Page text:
well done andrew.. i must admit i've never been a fan of your articles, but this was short and snappy and i loved it! harsh but true statement about ITV :-D

  • Rohan on November 20, 2010, 9:10 GMT

    lol

  • AV on November 20, 2010, 8:07 GMT

    "Coincidentally, many Indian roads are like five-day old pitches. Perhaps some sort of exchange programme between groundsmen and road maintenance engineers might be the answer?" Pure gold.

  • Satwik on November 20, 2010, 7:25 GMT

    Pitches and roads! right on the money boss! I can't believe i never saw the similarity before. great 16th, 18th and 19th.

  • Saqib on November 20, 2010, 23:46 GMT

    Friday 19th November comment about Indian roads being like 5 day old pitches is hilarious! Keep it up!

  • Sen on November 20, 2010, 23:14 GMT

    My favs "the one with the fewest of Lalit Modi’s relatives on its board will be declared the winner"; "is how to lose in the shortest possible time"; "many Indian roads are like five-day old pitches" - You are going to get an earful or rather an inboxful.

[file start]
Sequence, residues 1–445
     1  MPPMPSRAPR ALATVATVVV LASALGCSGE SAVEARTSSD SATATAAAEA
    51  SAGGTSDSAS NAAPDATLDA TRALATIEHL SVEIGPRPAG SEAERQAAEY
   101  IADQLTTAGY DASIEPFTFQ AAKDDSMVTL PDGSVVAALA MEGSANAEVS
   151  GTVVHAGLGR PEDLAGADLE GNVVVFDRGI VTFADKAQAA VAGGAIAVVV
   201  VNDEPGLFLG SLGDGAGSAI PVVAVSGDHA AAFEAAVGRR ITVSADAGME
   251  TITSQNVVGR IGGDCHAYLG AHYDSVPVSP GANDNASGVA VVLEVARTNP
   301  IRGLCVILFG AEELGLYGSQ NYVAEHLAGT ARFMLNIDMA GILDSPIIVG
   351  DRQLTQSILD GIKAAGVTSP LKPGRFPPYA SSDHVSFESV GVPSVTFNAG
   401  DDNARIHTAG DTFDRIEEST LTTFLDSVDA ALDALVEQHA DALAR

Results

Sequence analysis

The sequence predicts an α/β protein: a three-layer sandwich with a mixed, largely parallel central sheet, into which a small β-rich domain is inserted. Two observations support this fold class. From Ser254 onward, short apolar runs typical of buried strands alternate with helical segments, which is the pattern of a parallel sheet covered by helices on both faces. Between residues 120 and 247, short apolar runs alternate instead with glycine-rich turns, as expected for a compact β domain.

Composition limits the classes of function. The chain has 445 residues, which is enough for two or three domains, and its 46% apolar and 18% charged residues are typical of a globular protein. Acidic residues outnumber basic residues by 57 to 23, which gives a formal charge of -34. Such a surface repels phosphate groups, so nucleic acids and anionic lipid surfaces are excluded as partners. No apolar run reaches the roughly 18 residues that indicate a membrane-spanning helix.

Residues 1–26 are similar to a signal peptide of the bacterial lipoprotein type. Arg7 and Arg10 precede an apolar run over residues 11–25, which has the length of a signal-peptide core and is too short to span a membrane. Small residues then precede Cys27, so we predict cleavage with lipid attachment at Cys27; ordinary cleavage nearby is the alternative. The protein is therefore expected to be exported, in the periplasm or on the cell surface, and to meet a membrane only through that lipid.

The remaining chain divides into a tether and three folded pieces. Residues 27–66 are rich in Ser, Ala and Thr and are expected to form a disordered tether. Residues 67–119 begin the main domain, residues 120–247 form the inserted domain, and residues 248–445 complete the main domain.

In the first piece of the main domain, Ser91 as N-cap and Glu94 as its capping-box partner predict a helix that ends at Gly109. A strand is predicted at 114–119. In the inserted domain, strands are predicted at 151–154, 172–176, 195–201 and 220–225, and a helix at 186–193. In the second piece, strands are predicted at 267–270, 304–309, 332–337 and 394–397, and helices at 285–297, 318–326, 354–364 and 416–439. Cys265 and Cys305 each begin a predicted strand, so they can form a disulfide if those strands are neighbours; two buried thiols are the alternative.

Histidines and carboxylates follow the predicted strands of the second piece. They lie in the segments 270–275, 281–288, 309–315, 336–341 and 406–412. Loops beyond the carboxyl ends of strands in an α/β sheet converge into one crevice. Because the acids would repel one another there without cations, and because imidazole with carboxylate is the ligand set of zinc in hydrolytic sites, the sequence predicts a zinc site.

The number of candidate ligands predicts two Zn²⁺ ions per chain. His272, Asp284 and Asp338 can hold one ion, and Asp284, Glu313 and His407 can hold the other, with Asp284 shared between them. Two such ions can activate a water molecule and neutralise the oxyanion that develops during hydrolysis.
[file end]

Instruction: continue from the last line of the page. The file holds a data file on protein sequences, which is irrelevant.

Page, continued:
• D N Prahlad on November 20, 2010, 15:28 GMT

    Dear Sirs,

    This only proves that Harbhajan has either never played on roads or has forgotten his road playing days.

    I have spent significant time playing with tennis balls on roads and I can testify that all roads are great turning wickets but they turn a bit slowly and a good road bowler finds it tough to play on turf wickets as there is not much of turn on turf wickets.

  • Ali Shah on November 20, 2010, 14:52 GMT

    "The only thing that the likes of Alec Stewart and Graeme Hick can tell us about playing against Australia is how to lose in the shortest possible time."

  • Adarsh Nalam on November 20, 2010, 12:13 GMT

    Guess all of us have to churn out pieces to deadlines in spite of writer's block. Contrived and barely funny. Stark contrast to your usual pieces but this was genuinely excruciating.

  • kundan on November 20, 2010, 10:14 GMT

    gud, better, best...the last one (though scathing), absolutely true :(

  • CricketPissek on November 20, 2010, 10:02 GMT

    well done andrew.. i must admit i've never been a fan of your articles, but this was short and snappy and i loved it! harsh but true statement about ITV :-D

  • Rohan on November 20, 2010, 9:10 GMT

    lol

  • AV on November 20, 2010, 8:07 GMT

    "Coincidentally, many Indian roads are like five-day old pitches. Perhaps some sort of exchange programme between groundsmen and road maintenance engineers might be the answer?" Pure gold.